Is there any way to provide navigation in a video file like a DVD or Blu-Ray?

I know that QuickTime supports Chapter Markers, but the codecs you can use with QuickTime result in very large files. As far as I know, you can't use H.264 with QuickTime (for example).

I create a lot of training videos and I need a way to provide a way to navigate though complex material.

So I am looking for 2 things:

  1. Reasonable file size (like H.264).
  2. Content navigation.
  • Your assumption about quicktime is incorrect. You can indeed use h.264, the quicktime container is pretty much synonymous with the mp4 container.
    – stib
    Jun 18, 2018 at 5:42

2 Answers 2


MKV/MP4 container support chapters too, it also supports h264 and almost any other codec. MP4 container based on MOV container, so you can try to include h264 in MOV too.

  • Can you elaborate a bit on how to add the chapters so the OP and others have some place to start? Oct 20, 2017 at 0:37
  • Yes I did initially use h264 with the .mov container, and it will work 9in that the encoding will proceed, but was informed by someone who knows way more than I do that h264 and .mov don't play well together and putting h264 in a .mov container affects quality and is a no-no for professional work. My experience so far confirms this. Also these files mostly go to Windows machines for distribution and I don't really want to give the clients quicktime files.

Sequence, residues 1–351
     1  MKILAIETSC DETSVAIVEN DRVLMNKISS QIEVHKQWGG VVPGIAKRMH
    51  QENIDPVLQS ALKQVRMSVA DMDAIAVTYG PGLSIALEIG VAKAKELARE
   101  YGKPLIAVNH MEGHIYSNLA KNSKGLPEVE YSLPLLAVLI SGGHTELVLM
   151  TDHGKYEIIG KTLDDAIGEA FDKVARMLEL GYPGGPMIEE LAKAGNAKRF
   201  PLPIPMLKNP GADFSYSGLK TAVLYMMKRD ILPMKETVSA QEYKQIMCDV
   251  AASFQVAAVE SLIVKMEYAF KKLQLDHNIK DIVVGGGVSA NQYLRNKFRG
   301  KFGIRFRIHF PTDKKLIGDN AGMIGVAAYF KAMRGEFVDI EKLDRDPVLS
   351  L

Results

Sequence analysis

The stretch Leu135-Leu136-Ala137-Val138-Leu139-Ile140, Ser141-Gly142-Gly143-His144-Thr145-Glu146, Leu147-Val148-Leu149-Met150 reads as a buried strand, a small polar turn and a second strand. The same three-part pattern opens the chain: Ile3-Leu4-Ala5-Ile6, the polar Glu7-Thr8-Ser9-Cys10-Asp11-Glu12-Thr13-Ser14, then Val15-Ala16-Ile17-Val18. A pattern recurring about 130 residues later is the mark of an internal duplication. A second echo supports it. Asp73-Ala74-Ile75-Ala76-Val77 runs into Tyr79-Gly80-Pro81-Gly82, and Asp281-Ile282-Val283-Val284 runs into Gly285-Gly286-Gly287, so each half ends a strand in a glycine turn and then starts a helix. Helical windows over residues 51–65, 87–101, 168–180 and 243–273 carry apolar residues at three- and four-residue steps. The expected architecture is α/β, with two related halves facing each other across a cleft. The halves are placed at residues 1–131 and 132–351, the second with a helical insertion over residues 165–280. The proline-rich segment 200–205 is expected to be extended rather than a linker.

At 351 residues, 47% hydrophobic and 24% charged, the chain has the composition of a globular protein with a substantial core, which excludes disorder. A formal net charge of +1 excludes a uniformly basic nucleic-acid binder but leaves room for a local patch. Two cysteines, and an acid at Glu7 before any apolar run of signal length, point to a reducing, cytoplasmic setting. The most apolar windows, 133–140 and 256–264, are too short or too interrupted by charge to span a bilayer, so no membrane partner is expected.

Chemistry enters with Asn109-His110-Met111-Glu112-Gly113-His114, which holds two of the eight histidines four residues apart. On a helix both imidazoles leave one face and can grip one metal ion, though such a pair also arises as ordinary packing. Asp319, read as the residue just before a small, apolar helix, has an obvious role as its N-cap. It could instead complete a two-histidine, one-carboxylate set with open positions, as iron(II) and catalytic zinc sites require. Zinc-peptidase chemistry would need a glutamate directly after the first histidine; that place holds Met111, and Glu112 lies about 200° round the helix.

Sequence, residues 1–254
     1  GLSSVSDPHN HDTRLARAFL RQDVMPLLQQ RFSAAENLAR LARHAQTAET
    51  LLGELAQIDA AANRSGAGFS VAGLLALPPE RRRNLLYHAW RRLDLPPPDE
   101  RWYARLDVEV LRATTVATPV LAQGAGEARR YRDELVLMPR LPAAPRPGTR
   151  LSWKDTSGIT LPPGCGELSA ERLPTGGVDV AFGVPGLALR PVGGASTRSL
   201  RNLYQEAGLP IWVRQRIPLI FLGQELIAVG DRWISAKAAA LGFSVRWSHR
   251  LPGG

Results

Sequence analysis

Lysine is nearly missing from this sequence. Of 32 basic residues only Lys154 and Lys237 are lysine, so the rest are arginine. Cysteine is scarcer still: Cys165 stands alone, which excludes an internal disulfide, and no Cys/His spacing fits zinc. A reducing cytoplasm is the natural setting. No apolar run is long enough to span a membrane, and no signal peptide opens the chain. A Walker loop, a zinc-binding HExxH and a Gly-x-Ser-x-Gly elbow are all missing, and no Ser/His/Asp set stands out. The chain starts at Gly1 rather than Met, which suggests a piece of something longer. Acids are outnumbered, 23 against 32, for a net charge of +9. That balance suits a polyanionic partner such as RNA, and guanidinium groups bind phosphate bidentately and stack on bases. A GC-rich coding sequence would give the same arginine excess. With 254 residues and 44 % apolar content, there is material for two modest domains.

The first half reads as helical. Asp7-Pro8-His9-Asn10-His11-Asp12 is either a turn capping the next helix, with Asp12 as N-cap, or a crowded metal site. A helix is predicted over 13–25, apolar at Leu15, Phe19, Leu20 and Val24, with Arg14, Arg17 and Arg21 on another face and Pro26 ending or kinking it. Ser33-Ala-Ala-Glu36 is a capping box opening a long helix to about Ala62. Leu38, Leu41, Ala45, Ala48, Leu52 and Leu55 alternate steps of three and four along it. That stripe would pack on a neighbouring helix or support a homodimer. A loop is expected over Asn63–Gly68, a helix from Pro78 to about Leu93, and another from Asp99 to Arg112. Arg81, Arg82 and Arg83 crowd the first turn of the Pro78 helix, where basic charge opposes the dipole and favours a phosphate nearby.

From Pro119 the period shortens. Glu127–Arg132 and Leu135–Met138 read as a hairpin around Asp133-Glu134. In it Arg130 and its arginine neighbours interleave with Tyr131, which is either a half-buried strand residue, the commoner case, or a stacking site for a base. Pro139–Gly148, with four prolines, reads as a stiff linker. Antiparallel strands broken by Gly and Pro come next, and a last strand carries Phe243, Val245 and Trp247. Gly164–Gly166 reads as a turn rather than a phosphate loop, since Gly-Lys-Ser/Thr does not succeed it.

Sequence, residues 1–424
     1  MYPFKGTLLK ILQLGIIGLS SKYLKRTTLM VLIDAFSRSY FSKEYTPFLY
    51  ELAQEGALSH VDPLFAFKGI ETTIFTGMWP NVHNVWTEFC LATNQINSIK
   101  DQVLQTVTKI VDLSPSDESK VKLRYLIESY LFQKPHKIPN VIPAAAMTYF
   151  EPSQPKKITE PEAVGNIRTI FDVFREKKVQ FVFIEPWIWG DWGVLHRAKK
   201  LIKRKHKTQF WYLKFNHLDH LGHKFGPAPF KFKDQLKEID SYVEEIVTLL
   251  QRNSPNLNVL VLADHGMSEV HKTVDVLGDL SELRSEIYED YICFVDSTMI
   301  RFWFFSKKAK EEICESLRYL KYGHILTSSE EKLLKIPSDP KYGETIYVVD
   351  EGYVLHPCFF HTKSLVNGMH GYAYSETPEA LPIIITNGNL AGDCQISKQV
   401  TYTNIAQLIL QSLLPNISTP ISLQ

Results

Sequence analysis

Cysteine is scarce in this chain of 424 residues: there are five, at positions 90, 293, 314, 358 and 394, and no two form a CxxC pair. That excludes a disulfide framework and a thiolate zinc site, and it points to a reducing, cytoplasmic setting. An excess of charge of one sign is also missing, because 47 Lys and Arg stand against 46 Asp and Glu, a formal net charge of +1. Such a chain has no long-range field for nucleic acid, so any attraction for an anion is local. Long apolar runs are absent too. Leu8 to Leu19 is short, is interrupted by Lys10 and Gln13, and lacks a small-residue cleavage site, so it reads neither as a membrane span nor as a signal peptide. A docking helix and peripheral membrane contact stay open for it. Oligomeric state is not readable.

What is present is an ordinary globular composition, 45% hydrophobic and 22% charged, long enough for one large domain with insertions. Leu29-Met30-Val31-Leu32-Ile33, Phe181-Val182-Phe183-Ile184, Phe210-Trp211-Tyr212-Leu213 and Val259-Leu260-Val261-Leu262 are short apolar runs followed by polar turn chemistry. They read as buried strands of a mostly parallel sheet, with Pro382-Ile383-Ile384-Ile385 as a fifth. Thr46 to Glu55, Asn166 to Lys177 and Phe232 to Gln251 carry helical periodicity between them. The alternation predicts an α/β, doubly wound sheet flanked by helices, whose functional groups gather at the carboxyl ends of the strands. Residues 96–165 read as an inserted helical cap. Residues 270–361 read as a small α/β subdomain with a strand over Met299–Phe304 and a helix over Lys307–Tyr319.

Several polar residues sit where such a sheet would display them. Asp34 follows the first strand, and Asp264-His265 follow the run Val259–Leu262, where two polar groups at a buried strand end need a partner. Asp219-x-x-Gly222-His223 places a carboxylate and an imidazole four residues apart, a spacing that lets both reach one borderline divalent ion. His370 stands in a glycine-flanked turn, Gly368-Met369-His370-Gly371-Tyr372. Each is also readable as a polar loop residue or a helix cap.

– clarkland
    Oct 22, 2017 at 21:17
  • 2
    @clarkland Just rename "mov" files to "mp4" and your clients will be happy. If you can patch 4 bytes in header, after 8th byte to "mp42" no one can distinguish from the mp4. Files "mov" and "mp4" almost SAME files and have SAME structure. It can't affect quality in any way. Only one case, when it can affect quality, it's broken software. I don't have mac, so I don't know how common mac software works. Just render same clip in both containers and compare quality. It must be same.
    – bukkojot
    Oct 23, 2017 at 14:57

On a mac, subler is likely the easiest tool to use to add chapters, https://subler.org

I would make a H.264 MP4 file as your output (it will be the most broadly compatible format to use), and use subler to add the chapters to that.

Note that not all devices will support the chapters for playback, most common players (VLC, iTunes, etc) will be fine, but various TVs and other devices won't necessarily understand the chapter marks. Not much you can do about it, just be aware that this will happen.

Also try to keep your files under 4GB, lots of things you plug a USB into will only support FAT32, if your files go >4GB, you'll be making them unplayable to various devices.

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